Politics of Street Art

What matters about my ecology matters?

Introduction
Often times we neglect that every action ever made is one small infinite fraction of history, and all such actions can be compiled, organized, and analyzed in any which way that makes sense. Yet, it is a subconscious thought to many individuals that the cultures, patterns, trends and behaviors of all societies today can and will be looked back upon, as much as we have looked back at the fall of the Roman empire, or the roaring ‘20s.

Cultures in context are all inherently different, but share a very important common characteristic: that they are all bits and pieces of a history of humanity and (wo)[and]mankind. Each small detail discovered from any particular time is a sort of time machine, transporting us to an era where society could have been much different than what it is now. Hence, the importance of relishing the facts of modernity, in order for them to be just as relished upon when they are facts of antiquity.

 

Street Art
To many individuals whom find themselves in city-scaped surroundings or urban spaces, Street Art is often an overlooked act of delinquency or rebellion. On the surface, the pieces spread across the streets and walls of the city are just tuned out puzzle pieces of the city environment, like scurrying rats or urine scented atmospheres. But when looking past the surface level, one will come to understand that it is more than just an act of vandalism, but rather, an act of relaying a story, and then, a part of history.

Street art once worked to commemorate communities and individuals. Works of graffiti served to relay the history of the community and the people within them. But as city infrastructures continue to change, as do the stories of these communities. Often times, marginalized communities are pushed out of their long lived homes and business through acts of gentrification, losing ties to areas where once their roots and heritage ran deep. The Street Art in these communities relays that, and by taking a moment to admire the details, one can understand that history lies deep within the paintings on the walls.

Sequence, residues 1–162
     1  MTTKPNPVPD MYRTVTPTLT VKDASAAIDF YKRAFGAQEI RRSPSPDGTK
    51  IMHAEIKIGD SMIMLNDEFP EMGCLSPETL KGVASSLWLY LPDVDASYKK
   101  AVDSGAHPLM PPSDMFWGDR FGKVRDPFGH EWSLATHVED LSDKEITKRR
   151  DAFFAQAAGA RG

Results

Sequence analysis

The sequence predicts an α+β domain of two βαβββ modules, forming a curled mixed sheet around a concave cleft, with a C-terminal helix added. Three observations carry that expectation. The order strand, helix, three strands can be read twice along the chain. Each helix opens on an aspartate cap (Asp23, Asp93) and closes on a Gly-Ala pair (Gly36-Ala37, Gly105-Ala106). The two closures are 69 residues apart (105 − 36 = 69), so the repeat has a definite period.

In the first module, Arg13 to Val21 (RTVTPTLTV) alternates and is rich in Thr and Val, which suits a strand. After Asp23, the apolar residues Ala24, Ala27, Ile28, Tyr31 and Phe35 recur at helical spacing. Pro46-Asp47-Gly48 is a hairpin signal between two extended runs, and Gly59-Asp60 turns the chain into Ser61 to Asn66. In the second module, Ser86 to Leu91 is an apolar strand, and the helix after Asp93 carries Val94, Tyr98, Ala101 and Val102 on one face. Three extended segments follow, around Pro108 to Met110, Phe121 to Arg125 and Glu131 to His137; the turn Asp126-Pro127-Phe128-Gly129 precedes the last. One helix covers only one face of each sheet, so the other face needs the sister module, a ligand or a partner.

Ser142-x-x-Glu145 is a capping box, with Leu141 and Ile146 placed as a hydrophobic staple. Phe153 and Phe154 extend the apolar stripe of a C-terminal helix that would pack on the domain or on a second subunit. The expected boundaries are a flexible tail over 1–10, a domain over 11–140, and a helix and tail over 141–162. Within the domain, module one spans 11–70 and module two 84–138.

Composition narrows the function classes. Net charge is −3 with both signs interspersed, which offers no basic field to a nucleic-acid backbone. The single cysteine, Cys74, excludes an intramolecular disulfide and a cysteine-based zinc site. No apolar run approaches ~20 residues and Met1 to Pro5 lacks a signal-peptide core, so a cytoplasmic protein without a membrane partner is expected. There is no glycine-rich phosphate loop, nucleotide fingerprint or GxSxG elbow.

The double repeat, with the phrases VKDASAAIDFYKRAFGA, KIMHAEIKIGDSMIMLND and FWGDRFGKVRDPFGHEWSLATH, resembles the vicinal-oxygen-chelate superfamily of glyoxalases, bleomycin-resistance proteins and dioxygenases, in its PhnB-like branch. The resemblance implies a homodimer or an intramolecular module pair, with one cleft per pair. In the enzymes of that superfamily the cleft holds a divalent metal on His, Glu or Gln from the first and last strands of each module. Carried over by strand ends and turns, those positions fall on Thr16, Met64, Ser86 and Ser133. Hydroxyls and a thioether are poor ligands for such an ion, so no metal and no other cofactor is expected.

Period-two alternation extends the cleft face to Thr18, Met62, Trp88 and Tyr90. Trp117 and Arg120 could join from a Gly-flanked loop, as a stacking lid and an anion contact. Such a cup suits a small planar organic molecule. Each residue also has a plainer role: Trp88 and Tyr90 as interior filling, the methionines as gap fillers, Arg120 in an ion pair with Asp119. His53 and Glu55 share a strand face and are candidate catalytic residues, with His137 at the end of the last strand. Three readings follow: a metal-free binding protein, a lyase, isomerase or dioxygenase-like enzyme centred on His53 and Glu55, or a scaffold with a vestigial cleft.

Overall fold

Now, veteran street artists exist alongside artists who try to relay a new story: a fetishized version of a historical art process. Street Art in trendier and hipper areas such as Williamsburg, Brooklyn and Chelsea, have become commissioned works of art that more often than not serve only an aesthetic purpose. As a result, it is important to deconstruct all such art, and analyze them individually and as a collection, to really gage what New York society has been, and what New York society will be like in the future.

 

Conclusion
Much like Kim Stringfellow’s study on the Salton Sea, which provided historical analysis on a once thriving area, my ecology study on the Politics of Street art will provide a similar story on how something has evolved into what it is today. The success to failure story of the Salton Sea is in no way similar to the history of the evolution of Street Art, but both are crucial documentations that allow for a deeper understanding of cultures in context, patterns, social behaviors, and so on. They allow us to tap into an empathy relayed from the affective presentations of the projects that in turn provide legitimate evidence on fractions of history that will be looked back upon in many, many years to come.

 

Works Cited

Brennan, Teresa. The Transmission of Affect. Ithaca: Cornell UP, 2004.

Stringfellow, Kim. Greetings from the Salton Sea: Folly and Intervention in the Southern California Landscape, 1905-2005

 

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~ by amuravyeva on March 28, 2017.

One Response to “Politics of Street Art”

  1. I think this is the best post because it concisely and comprehensively unpacks street art, an aspect of the built environment we often take for granted. This project is illuminating because it contextualizes street art within a neighborhood’s social and demographic patterns. Additionally, it draws on Stringfellow’s work on the Salton sea as a model for environmentally based media which documents “snapshots” of a neighborhood’s history that linger after its inhabitants have moved on.

    Stanley

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